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Crews with Dave Schmitt Construction move dirt for the Blue Wing housing development in Audubon Park in Waterloo earlier this month.

Last week, the Waterloo City Council voted unanimously to continue the program that provides three years of property tax abatement for new one- and two-family homes.

The renewal of the City Limits Urban Revitalization Area for another five years was another pragmatic step.

The CLURA was initially adopted in 2011 as a way to encourage new housing starts in Waterloo, which was seeing an increasing number of homes being constructed in Cedar Falls and other neighboring communities.

“We have to sell Waterloo continually; Cedar Falls is easy to sell,” said real estate broker Amy Wienands. “So the tax abatement has been the biggest thing we’ve had to be able to captivate that audience.

“That tax abatement has been the biggest asset in our tool belt to keep a buyer in the market in Waterloo,” she added. “I think the success speaks for itself.”

All of that is true. Still, we’re left wondering if this will be a perpetual situation.

Initially, city planning staff recommended continuing the CLURA indefinitely without a sunset clause. However, a committee of real estate agents, developers, bankers and others recommended the five-year extension.

That was discussed at a public meeting earlier this month. “The realtors would like to create urgency for the sale; the bigger developers would like to have it not have an end date,” said former Waterloo Mayor John Rooff, a home builder who served on the committee.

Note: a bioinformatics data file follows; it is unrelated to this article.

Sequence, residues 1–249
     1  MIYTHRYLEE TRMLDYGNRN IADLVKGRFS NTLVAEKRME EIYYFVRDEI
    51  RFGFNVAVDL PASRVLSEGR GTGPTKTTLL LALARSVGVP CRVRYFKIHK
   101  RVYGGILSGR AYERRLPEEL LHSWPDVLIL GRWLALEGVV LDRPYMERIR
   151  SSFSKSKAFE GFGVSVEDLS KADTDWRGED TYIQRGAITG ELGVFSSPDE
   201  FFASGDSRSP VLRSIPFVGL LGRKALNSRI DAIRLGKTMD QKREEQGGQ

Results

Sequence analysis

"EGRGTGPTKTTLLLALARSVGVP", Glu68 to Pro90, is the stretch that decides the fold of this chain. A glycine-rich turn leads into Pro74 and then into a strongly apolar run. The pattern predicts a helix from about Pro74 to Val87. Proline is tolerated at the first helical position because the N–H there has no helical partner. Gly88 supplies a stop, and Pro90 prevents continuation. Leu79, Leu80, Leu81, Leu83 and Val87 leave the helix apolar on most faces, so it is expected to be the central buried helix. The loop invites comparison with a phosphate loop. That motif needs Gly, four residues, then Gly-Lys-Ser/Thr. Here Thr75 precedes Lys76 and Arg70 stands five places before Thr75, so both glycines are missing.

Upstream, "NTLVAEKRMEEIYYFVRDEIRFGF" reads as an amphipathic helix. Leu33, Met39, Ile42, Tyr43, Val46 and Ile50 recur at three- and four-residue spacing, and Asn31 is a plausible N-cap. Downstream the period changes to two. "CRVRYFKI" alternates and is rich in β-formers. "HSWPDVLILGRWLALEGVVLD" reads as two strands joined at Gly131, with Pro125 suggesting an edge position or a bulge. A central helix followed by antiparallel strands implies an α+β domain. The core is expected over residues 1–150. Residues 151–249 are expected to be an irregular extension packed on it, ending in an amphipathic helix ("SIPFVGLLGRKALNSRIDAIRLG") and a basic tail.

“We feel that in fairness, not only to the housing industry but to the council, you have to have some sunset on it. That gives you a chance to review it again.”

We agree. We still support CLURA as a responsible strategy. Another review after another five years is another responsible strategy. For the time being, the program is making progress.

Adrienne Miller, of the city’s planning and zoning office, reported the city was averaging 37 new one- and two-family home starts annually in the five years before the CLURA.

That jumped to 73 new homes a year during the program’s first five years.

We’re certain CLURA played a large part. The incentive for a home buyer is significant. A person buying a new $200,000 home will save a projected $12,700 in property taxes over three years. Among other options, that allows buyers to invest more in their home initially when building in Waterloo.

Just like with tax incentives for big box stores and other larger development projects, these programs temporarily take away some tax revenue that would be going to public institutions such as school districts. On the other hand, Waterloo needs to broaden its tax base, and luring development, both residential and commercial, remains crucial.

It’s an interesting situation, but clearly the program is working.

The CLURA was first recommended by a committee that included developers, real estate agents, builders and others. A similar program had been used successfully by the city of Des Moines.

We originally supported the CLURA because of the simple fact Waterloo was not getting anywhere near a proportionate share of new single-family and twin homes in the area.

There are signs of chipping away at that cycle of stagnation – and for that reason, continuation of the CLURA is acceptable.

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